La Vie Dansante reflects on changes
Winemaker Jeff Fadness was thrilled to see a familiar face approaching the recently reopened La Vie Dansante tasting room out on Dryden Road in Gilroy, in April. It was none other than the local legend Tom Kruse, who began making wine in the Santa Clara Valley in 1971.
In 1993, Kruse purchased the 20-acre plot on Dryden Road where he planted 12 acres of grapes at what would become the new home of the Thomas Kruse Winery. Preserving history and making it at the same time was Kruse’s modus operandi. He proudly employed century-old bottling tools like a French dosage machine, a Swiss bottling filler, a French cage and capsule applicator for sparkling and a beautifully simple hand corker made in San Francisco back in the late 19th century that once belonged to the Mirassou family.
Kruse sold the property in 2015 to Fadness and his business partners at the time, who created the concept of Blended, a joint tasting room between La Vie Dansante, Medeiros Family and TASS. It operated until Fadness took it over in 2019, after Ted and Tammie Medeiros headed to Fairplay and Ron Mosley took over Cinnabar in Saratoga.
Fadness said 2020 brought a lot of changes, with more to come in 2021. One of them is his popular Frosé, based on a 2018 Grenache Rosé, of which he says, “We might have made way too much!” They added some strawberries and created a frozen concoction that sells for $12 per glass. He’s also contemplating white wine and lime-based frosés for variety.
Then there’s The Perry.
“This is a cool story that started back in January,” Fadness said. “Tim Slater called James Fahey (Besson Family Vineyards) and me to see if we might be interested in splitting a 250-gallon tote of pear juice from Hood River Juice Company. We decided as a threesome to create a Pear Cider, or ‘Perry’ together and each label it under our brand. Tim, James and I made all of the fermentation and blending decisions together and are planning to market it as a joint project. It’s slightly sweet, slightly effervescent, and just over 7 percent alcohol: perfect for a hot day. We’re planning to sell it at $15 per 750 mL bottle.”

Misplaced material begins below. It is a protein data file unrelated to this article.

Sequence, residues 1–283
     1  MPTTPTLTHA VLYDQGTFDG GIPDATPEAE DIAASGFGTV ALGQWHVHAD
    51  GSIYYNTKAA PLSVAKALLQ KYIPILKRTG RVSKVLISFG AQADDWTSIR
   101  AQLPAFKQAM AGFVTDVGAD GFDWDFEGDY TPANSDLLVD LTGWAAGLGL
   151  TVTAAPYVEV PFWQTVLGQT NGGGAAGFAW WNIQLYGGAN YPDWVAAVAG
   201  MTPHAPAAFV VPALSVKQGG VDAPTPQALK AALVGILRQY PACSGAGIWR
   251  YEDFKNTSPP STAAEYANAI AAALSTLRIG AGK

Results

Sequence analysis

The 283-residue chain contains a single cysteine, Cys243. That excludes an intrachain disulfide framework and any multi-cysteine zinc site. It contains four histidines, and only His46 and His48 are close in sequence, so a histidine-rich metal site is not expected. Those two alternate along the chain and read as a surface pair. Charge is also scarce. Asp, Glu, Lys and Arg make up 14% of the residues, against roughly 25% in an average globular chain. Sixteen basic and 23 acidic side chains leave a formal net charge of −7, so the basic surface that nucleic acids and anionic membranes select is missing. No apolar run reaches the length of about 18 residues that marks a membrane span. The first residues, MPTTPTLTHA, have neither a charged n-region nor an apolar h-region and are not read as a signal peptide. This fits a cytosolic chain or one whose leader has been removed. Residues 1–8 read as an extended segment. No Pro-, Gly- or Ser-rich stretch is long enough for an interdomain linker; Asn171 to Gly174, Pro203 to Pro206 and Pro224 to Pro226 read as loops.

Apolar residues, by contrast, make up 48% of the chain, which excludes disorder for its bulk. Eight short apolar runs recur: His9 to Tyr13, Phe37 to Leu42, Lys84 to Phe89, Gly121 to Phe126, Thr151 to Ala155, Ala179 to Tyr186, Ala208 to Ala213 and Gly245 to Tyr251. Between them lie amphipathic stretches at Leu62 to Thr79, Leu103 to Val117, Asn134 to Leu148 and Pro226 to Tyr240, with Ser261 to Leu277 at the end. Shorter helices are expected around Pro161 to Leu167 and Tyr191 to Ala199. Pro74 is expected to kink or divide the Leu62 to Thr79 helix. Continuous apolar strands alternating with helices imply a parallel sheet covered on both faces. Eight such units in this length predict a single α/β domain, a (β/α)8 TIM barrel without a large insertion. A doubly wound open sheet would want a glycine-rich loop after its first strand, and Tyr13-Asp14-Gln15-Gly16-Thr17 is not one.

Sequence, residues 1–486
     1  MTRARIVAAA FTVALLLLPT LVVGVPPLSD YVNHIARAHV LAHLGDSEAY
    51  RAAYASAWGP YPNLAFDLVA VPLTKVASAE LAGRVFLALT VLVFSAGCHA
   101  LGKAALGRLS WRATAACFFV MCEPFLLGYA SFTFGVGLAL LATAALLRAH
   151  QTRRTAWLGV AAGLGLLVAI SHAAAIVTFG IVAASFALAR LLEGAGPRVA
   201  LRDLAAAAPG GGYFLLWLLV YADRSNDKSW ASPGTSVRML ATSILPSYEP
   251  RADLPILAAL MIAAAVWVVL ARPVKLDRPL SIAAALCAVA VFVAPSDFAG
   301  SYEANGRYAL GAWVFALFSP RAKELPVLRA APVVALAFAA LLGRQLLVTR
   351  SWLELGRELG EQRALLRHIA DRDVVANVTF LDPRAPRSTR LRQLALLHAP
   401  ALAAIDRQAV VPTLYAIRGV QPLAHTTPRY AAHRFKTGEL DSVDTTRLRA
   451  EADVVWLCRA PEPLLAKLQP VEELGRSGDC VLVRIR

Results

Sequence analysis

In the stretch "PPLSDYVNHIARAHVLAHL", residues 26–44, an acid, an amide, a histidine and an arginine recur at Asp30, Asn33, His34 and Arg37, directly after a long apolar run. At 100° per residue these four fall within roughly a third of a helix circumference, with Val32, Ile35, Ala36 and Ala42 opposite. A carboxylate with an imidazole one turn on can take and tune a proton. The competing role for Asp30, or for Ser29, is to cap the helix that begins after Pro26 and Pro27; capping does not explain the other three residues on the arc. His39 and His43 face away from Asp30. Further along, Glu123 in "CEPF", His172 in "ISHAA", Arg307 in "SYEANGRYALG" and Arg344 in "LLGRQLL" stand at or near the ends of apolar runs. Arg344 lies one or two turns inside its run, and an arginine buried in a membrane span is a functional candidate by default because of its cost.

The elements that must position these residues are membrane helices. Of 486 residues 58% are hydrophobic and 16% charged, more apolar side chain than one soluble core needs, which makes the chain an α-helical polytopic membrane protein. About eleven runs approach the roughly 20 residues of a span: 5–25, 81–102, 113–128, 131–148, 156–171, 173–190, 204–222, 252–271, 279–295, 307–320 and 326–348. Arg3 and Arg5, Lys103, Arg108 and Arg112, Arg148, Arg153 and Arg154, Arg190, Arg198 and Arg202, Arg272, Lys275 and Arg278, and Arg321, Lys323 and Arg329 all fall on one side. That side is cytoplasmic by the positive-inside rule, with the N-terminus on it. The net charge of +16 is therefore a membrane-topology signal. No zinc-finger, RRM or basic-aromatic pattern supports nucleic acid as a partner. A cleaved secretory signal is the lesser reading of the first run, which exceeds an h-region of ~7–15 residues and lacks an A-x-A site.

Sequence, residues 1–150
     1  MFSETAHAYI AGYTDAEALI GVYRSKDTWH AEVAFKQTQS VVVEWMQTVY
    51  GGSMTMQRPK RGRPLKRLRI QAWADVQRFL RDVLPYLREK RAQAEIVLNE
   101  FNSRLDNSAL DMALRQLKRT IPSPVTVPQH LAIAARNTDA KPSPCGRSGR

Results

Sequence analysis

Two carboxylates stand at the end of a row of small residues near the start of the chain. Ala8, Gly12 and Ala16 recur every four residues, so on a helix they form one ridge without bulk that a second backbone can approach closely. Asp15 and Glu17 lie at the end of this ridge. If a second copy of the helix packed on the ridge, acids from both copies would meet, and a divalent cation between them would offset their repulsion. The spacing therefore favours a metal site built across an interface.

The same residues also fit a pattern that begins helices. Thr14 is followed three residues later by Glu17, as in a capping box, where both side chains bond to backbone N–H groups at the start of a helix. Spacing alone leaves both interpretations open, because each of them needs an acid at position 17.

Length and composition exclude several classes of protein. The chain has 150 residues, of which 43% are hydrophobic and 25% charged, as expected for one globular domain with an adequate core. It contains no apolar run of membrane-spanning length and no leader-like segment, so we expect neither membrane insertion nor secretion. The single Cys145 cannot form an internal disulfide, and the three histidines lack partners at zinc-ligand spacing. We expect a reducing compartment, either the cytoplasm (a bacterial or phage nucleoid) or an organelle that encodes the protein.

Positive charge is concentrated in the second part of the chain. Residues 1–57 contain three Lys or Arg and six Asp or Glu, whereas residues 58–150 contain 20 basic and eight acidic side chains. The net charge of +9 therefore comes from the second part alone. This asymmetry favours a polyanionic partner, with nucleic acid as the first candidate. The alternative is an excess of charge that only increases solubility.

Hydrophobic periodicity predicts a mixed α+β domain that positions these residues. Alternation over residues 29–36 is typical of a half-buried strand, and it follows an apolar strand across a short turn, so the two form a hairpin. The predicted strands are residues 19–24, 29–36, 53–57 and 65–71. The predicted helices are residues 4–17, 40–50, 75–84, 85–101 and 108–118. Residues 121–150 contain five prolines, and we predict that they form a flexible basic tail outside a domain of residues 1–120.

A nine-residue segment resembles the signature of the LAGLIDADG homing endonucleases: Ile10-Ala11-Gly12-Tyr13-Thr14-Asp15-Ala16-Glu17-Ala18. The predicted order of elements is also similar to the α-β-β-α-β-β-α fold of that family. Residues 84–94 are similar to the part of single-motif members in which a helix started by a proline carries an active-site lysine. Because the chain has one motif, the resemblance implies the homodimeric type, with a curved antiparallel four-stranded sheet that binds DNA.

But it doesn’t stop there. Fadness is most excited about his first-ever release of Carignane. The 2017 La Vie Dansante Carignane is made from vines that were planted in 1889. It’s hand-tended and organic, which is rare for the Santa Clara Valley. That vines this old still exist on property that hasn’t been sold for housing or industrial development is a phenomenon worth noting.
Carignane is one of those grapes that most people don’t know, but there’s actually a fair bit of it in the Santa Clara Valley, and folks like the Guglielmos and Dan Martin of Martin Ranch are pretty keen on the varietal.
“We weren’t too sure how the first vintage was going to turn out, but it’s pretty amazing and super popular,” Fadness said. “Starting with the 2018 vintage, I took over the vineyard maintenance and we’re trying to resuscitate the vines. We’ll be releasing a 2018 ‘Pamela’s Vineyard’ Carignane next March that’s naturally fermented and low intervention, i.e. no store bought yeast and almost no SO2.”
How was vintage 2020 overall? Well, suffice it to say that not everyone escaped the scourge of smoke taint. Fadness said they only processed about six tons of fruit, enough for roughly 350 cases. So, 2020 will be a short vintage, but that will give some breathing room to sell through previous bottlings.
While wine lovers are excited to be out wine tasting once again, the way people are enjoying wine has significantly changed due to the pandemic. Fadness said that wineries have essentially replaced bars as social gathering places, at least until the economy fully opens up. But, beyond that, the seated, by-reservation-only policies that tasting rooms were forced to employ during Covid, have impacted the way people approach winetasting.
“In a nutshell, people aren’t spending a day travelling to multiple wineries,” he said. “Instead, they’re choosing one and spending the whole day there. They want to be entertained, they want food, and they want something besides wine to drink.”
He also said people are telling him they’re reassessing priorities.
“Rather than having five wine club memberships, they’re dropping to two or three to save money and streamline their lives,” Fadness said. “A wine club discount doesn’t motivate as it used to. Now it’s about, ‘What kind of events do you have?’ and ‘Can I bring my kids and dog?’”
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